Review: Denada dance - Ham and Passion - Wilton's Music Hall

Performance: 21 – 22 February 2017
Reviewed by Ka Bradley - Thursday 23 February 2017


Performance reviewed: 21st February

Divided into three short pieces of camp, blunt sexual humour and feisty queerness, Ham and Passion is a sashay through Spain’s cultural history, taking in anti-fascism, masculinity, desire and, inevitably, ham, along the way. Its bold, often defiantly provocative symbolism is a wicked pleasure, and though Carlos Pon Guerra’s dramatic choreography sometimes uncertainly straddles the line between playing for passion and playing for hammy laughs, the passion of the triple bill wins out overall.

The first piece, Passionaria, follows drag artiste Anna La Passionaria. Though the simplest and least kinetic of the pieces, Fabio Dolce nevertheless brings a noirish energy to the proceedings – smoking in padded underwear and vampish make-up, haphazardly draping himself (herself?) in a sequinned gown, stabbing the ever-present leg of ham with a bloodied knife as part of a frenzied allegory. Dolce’s La Passionaria is never unaware of her audience, and the boundaries between drag act and confessional are blurred.

Pons Guerra talks eloquently about his historical inspirations and the phantoms peopling the stage behind Anna La Passionaria, particularly in this Gay Star). interview, and Passionaria has an intriguing visual density that suggests more than it directly speaks volumes. But this solo doesn’t quite give as much as it could, especially when followed by the high colour queer melodrama of Young Man! and the grand soap opera of O Maria.

Young Man! is another work of drag, this time with Marivi Da Silva and Antonette Dayrit as two young men, one tormented with lust for the other. The wide-legged strides and pugnacious leaps, recalling the machismo of matadors, are somehow both aggressive and hilarious. The very basic phrases of masculinity are both expressed and parodied by Da Silva and Dayrit; at one point the leg of ham and a chorizo are used suggestively, and by ‘suggestively’ I mean Da Silva mimes a blowjob and a handjob to brilliant comedic affect. Pons Guerra’s target is not the sex acts or homosexual sex, but rather the performance of ‘manliness’, itself a sort of drag – masculinity is a series of accessories and attributes that men drape themselves in, no different from Anna La Passionaria’s make-up and sequins, that can serve to hide, emphasize or entirely change the person beneath.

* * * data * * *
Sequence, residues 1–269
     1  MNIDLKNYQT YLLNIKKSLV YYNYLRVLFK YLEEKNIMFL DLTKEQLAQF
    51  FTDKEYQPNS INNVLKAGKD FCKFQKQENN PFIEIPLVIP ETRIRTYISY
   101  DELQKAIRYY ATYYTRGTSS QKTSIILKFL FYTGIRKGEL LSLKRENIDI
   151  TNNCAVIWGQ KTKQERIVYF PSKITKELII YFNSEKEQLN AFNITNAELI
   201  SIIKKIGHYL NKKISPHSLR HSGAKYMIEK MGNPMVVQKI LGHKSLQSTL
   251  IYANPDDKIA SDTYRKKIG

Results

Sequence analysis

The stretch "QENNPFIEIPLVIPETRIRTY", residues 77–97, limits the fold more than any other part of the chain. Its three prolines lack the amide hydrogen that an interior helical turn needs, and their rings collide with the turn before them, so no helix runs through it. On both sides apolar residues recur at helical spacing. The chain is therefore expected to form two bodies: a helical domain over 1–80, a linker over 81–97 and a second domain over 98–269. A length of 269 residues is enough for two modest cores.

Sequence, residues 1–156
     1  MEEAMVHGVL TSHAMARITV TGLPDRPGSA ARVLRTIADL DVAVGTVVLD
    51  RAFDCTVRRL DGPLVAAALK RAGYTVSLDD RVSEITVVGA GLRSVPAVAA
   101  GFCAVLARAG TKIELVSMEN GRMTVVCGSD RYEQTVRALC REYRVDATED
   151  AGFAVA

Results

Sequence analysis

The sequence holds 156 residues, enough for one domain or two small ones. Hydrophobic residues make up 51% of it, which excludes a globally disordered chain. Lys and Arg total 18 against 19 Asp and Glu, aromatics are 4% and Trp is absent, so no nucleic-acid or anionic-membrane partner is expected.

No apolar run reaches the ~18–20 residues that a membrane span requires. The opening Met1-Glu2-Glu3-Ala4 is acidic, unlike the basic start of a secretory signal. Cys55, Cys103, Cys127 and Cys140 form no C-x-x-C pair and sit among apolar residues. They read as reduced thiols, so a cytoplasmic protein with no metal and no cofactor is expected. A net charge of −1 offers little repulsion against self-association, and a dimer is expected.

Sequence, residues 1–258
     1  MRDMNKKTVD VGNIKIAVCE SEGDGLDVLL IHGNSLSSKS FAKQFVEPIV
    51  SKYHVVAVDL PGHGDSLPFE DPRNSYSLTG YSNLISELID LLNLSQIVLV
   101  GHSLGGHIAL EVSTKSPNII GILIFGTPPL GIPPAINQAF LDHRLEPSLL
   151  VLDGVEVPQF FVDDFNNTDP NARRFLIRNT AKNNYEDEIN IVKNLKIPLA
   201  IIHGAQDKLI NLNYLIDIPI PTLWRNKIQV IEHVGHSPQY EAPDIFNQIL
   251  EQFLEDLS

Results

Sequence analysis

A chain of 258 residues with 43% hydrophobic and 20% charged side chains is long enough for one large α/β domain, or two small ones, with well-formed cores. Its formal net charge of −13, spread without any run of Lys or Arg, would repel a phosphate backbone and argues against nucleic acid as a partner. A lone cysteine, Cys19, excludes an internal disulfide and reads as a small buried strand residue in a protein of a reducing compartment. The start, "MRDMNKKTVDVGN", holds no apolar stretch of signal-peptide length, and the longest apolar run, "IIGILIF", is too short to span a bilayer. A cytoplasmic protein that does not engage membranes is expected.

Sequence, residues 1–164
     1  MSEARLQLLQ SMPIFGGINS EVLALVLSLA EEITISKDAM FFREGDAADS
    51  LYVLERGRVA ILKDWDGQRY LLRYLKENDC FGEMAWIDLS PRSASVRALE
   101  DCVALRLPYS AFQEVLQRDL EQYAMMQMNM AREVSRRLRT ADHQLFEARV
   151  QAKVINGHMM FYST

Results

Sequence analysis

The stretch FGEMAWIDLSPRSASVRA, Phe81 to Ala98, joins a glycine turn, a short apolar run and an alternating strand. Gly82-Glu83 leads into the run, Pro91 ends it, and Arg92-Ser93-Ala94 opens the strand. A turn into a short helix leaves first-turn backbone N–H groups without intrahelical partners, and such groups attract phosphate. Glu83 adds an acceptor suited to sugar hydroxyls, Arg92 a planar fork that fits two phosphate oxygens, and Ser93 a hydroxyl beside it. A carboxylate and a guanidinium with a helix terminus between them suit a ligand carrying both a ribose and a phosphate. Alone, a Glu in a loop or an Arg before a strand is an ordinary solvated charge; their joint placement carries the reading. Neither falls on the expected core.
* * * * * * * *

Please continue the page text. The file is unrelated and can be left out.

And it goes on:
The overarching soundtrack of classic Spanish music, much of which lends the proceedings a distinctly filmic atmosphere, really comes to the fore with O Maria, the final piece of the triple bill and the crowning achievement. Da Silva plays a witchy, black-clad Spanish wife; Dayrit is her unfortunate husband, bound and gagged and dragged back and forth on a rope. Dolce rises from a pile of laundry as the Virgin Mary to call a temporary halt to the sadomasochism, and the three of them sit down at the table.

Dolce’s Mary is a paragon of benign grace; Da Silva once again demonstrates the sharpness and assurance of her grasp of character, snapping a red fan and fairly twitching with fury. But it is Dayrit that glows in this piece, transformed from a frightened beta male to a blossoming young woman in Marilyn Monroe white, with the help of the Virgin’s holy touch. Dayrit and Dolce’s transformation duet is dreamy, elegant and softly ecstatic, setting the piece up for its frenetic, witty collapse. Da Silva and Dayrit, female equals, find pleasure in their union, and with the help of the ham, bring the woman without equal down to their level.

Despite it’s small scale, and the occasional necessary crassness of the movement language, Ham and Passion is a wonderfully wide-spanning, tragicomic work that manages to evade being sanctimoniously ‘about’ the themes it tackles even as it tackles them. And it delivers ham and passion, as promised.

Ka Bradley is a writer and editor based in London. Her reviews have appeared in Exeunt, The Stage and Her fiction has appeared in Granta, Catapult, The Offing, Minor Literature[s] and Somesuch Stories.

Ham and Passion Creative Team
Choreography Carlos Pons Guerra
Performers Fabio Dolce, Marivi Da Silva, Antonette Dayrit
Répétiteur Marivi Da Silva
Design Ryan Dawson Laight
Lighting Barnaby Booth
Producer Sarah Shead – Spin Arts
Media and PR Simon Harper PR

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